Local 832 Stewards Conference

L-R: UFCW Canada National President Wayne Hanley;  Manitoba Premier Greg Selinger; UFCW Canada Local 832 President Robert Ziegler

With a federal election on the horizon, and a Manitoba provincial election slated for the fall, getting involved in politics was the top of the agenda at the UFCW Canada Local 832 Annual Policy Convention and Stewards Conference held recently in Winnipeg.

The more than 200 delegates to the Stewards Conference were welcomed by UFCW Canada Local 832 President Robert Ziegler who urged the attendees to make their voices heard at the grassroots and campaign level in the upcoming elections. The Local 832 president then introduced Manitoba NDP Premier Greg Selinger who spoke about the issues facing Manitoba workers and families, and the need to engage in politics to keep those issues front and forward — in the community, and in a legislature that is up for election this fall.  A series of successive NDP governments have led Manitoba since 1999.

What can happen when a labour-friendly government is replaced by one that’s not was spelled out by UFCW Canada Local 1400 President Norm Neault. The Local 1400 leader told the conference how reversing Saskatchewan’s progressive labour legislation was the first act Premier Brad Wall legislated when his Saskatchewan Party replaced the NDP provincial

Manitoba Minister of Labour Jennifer Howard

Manitoba’s Minister of Labour, Jennifer Howard, also joined the conference on a panel discussing how and why to get involved in politics to protect the rights of working people. Joining Minister Howard was President Ziegler, UFCW Canada Local 832 negotiator Michelle Masserey, and UFCW Canada National President Wayne Hanley who brought to the conference up to speed about the attack on labour and collective bargaining rights in Minnesota and other American jurisdictions where anti-labour politicians are now in control.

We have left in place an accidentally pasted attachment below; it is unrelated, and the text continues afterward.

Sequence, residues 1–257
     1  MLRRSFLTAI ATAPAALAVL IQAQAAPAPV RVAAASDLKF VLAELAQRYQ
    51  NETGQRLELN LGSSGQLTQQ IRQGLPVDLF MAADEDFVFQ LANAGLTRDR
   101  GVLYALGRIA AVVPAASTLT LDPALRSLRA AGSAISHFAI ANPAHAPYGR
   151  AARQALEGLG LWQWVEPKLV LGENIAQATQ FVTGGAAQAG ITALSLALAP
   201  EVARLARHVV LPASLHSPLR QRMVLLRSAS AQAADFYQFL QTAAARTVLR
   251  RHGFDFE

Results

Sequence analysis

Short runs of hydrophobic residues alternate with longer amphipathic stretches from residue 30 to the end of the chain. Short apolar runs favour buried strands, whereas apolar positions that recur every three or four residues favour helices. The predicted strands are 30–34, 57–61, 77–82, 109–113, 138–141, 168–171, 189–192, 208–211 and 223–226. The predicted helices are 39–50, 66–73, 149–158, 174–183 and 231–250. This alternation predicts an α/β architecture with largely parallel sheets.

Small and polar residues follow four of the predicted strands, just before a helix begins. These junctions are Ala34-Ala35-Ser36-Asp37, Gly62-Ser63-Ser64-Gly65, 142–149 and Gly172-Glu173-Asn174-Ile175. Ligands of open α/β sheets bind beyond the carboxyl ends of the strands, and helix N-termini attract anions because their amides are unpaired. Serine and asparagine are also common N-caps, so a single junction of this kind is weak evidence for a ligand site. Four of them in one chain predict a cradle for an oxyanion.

The national president told the audience that what is happening south of the border could also happen in Canada, unless working Canadians get politically active.

“I’m grateful to be in the company of men and women who are committed to workers’ rights and democracy, and are willing to defend those principles in the workplace and in the community,” says Brother Hanley. “We cannot be complacent. We cannot afford to lose, because what’s happening to our American brothers and sisters will happen here. Over the next year and beyond, at the national level and at the local level we have to get the vote out at all elections. The goal is to make sure the people who say YES to a fair, socially balanced society don’t stay home, but get out and vote.”



Vol. XI No. 15 • April 11, 2011